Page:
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6.2. Compressed Content

The java.util.zip package was introduced in JDK 1.1. This package contains classes that support reading and writing the GZIP and ZIP compression formats. Although these classes were added to support Java Archive (JAR) files, they also provide a convenient, standard way for a servlet to send compressed content.

Compressed content doesn't look any different to the end user because it's decompressed by the browser before it's displayed. Yet, while it looks the same, it can improve the end user's experience by reducing the time required to download the content from the server. For heavily compressable content such as HTML, compression can reduce transmission times by an order of magnitude. Quite a trick! Just bear in mind that to compress content dynamically forces the server to perform extra work, so any speed-up in transmission time has to be weighed against slower server performance.

By now you should be familiar with the idea that a servlet can send a Content-Type header as part of its response to tell the client the type of information being returned. To send compressed content, a servlet must also send a Content-Encoding header to tell the client the scheme by which the content has been encoded. Under the HTTP 1.0 specification, the possible encoding schemes are gzip (or x-gzip) and compress (or x-compress) for GZIP and ZIP compression formats, respectively.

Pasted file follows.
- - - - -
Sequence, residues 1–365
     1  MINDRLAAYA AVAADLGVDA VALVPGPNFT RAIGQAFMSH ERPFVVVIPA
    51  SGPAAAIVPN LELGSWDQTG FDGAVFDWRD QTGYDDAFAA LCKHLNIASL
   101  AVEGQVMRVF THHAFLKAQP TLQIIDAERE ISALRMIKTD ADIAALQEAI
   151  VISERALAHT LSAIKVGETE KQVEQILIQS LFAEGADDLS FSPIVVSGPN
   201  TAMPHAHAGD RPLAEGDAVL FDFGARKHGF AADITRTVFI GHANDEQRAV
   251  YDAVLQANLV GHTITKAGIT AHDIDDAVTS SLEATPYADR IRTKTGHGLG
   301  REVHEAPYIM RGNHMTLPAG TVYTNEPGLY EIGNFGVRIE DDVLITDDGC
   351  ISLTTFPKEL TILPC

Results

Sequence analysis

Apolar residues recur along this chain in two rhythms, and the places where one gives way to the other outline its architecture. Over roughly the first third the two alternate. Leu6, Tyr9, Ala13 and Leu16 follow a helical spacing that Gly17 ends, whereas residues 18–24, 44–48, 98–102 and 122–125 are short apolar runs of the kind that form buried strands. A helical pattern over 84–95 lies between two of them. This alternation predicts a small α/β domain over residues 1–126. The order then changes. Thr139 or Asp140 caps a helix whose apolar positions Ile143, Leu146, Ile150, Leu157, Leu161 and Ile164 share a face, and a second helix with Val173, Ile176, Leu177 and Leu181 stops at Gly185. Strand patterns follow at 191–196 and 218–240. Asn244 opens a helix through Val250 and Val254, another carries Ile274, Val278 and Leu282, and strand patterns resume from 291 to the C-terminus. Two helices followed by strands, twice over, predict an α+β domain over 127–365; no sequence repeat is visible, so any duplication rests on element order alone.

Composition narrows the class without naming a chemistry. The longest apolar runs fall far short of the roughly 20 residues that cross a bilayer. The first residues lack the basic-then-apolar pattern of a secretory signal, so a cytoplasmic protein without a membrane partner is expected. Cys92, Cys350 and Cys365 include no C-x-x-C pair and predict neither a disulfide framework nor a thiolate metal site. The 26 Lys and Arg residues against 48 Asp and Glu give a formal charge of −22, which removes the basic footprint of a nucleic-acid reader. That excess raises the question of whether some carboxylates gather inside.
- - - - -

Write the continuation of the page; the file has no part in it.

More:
Not all clients understand the gzip and compress encodings. To tell the server which encoding schemes it understands, a client may send an Accept-Encoding header that specifies acceptable encoding schemes as a comma-separated list. Most browsers do not yet provide this header--even those that do support compressed encodings. For now, a servlet has to decide that without the header it won't send compressed content, or it has to examine the User-Agent header to see if the browser is one that supports compression. Of the current popular browsers, only Netscape Navigator 3 and 4 on Unix and Microsoft Internet Explorer 4 on Windows support GZIP encoding, and none support ZIP encoding.

Although negotiating which compression format to use can involve a fair amount of logic, actually sending the compressed content could hardly be simpler. The servlet just wraps its standard ServletOutputStream with a GZIPOutputStream or ZipOutputStream . Be sure to call out.close() when your servlet is done writing output, so that the appropriate trailer for the compression format is written. Ah, the wonders of Java!

Example 6-11 shows the ViewFile servlet from Chapter 4, "Retrieving Information" rewritten to send compressed content whenever possible. We'd show you a screen shot, but there's nothing new to see. As we said before, an end user cannot tell that the server sent compressed content to the browser--except perhaps with reduced download times.

Example 6-11. Sending compressed content

import java.io.*;
import java.util.*;
import java.util.zip.*;
import javax.servlet.*;
import javax.servlet.http.*;

import com.oreilly.servlet.ServletUtils;